Feyenoord’s match at AZ ended 1-1, a result Giovanni van Bronckhorst was fairly happy with. ‘The game could have gone e...
Feyenoord trained in the Odd Stadium Wednesday evening a day before the club’s first Uefa Cup clash of the season. The surroundings are a little different from De Kuip, with a crowd of 5000 expected, including around 250 Feyenoord fanatics, but there’s no sign of complacency in the Rotterdam camp. The Norwegian club’s quaint home brought back bad memories for Ruud Gullit, who was manager of Chelsea when the English club crashed to defeat against Tromsø in similar circumstances.
For Gullit there’s little to philosophise about the match at hand. ‘We have to ensure that we score and do not concede. That is the only task my players have here in Norway,’ says the coach. ‘If we win big everyone will think it’s normal. If we draw or lose, it’ll be seen as a howler. All told, we cannot really win.’
The sight of the stadium transported Gullit’s thoughts back to his last visit to Norway as a coach. ‘Chelsea once played against Tromsø. The pitch was frozen when we started the game and then it started to snow big time. The game should really never have been played, but Uefa was adamant. We went on to lose 3-2.’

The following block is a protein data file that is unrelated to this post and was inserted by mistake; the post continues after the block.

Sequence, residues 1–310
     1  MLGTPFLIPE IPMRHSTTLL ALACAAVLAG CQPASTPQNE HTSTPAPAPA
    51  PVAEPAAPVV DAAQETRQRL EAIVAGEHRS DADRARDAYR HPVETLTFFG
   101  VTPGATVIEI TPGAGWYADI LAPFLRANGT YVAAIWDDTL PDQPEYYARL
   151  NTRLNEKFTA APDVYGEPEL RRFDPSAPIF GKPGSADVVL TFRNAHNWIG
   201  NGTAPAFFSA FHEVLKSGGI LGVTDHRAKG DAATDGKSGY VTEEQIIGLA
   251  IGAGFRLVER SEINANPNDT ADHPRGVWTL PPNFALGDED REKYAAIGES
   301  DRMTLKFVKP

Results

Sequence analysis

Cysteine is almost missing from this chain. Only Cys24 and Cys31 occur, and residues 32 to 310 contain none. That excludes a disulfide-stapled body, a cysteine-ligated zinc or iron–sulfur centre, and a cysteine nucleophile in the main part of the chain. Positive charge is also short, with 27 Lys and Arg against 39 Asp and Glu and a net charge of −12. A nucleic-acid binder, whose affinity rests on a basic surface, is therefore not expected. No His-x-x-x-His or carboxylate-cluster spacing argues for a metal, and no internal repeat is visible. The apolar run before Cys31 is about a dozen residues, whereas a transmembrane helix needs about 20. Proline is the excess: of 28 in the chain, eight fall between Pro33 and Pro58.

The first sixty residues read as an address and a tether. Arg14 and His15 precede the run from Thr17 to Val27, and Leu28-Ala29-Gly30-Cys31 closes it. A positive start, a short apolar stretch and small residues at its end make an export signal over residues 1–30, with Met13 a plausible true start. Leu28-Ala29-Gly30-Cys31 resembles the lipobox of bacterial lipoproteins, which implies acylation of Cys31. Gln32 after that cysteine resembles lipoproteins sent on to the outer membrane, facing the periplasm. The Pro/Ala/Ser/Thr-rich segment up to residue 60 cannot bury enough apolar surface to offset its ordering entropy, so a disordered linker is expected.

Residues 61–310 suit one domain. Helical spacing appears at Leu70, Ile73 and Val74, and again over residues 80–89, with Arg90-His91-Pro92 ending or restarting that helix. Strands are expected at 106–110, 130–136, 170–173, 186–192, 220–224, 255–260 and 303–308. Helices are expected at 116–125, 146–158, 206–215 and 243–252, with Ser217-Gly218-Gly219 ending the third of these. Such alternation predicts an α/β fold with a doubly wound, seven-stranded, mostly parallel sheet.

‘The danger with this type of game is that the players start with a somewhat lax attitude. That is what I’ll be warning my players against, because the time when you could beat so-called little teams with ease is history. Look at last night. Rosenborg lost to Panathinaikos but should have won. I just want to say that there are no easy games any more. So it’s very important in this type of game to be focussed and to start with the right attitude.’
Mindset can take you a long way in football. Just look at the Greeks. ‘Yes, we saw that against Vitesse,’ admitted Gullit. ‘My players thought they could rely on their talent alone, that attitude wasn’t so important. We were taught a lesson. That’s why I said after the game in Arnhem that the draw had maybe come at the right time. Since that game we are forewarned.’
The coach feels he has a pretty good picture of Odd Grenland. ‘They are a physically strong team that usually play a 4-3-3 system. We are well prepared for this opponent. I asked a few Norwegian journalists who they though the team’s best player was, but I kept hearing a different name. So they think they’re all good,’ laughed Gullit, who refused to reveal his own line-up.
‘Everyone is fit. Only Saidi has a little trouble with stiff muscles, but it’s not really a problem. That means that I can make choices. I enjoy that. The player’s who miss out may not, but that’s just part of the game. If you can’t take that, you don’t belong at a big club.’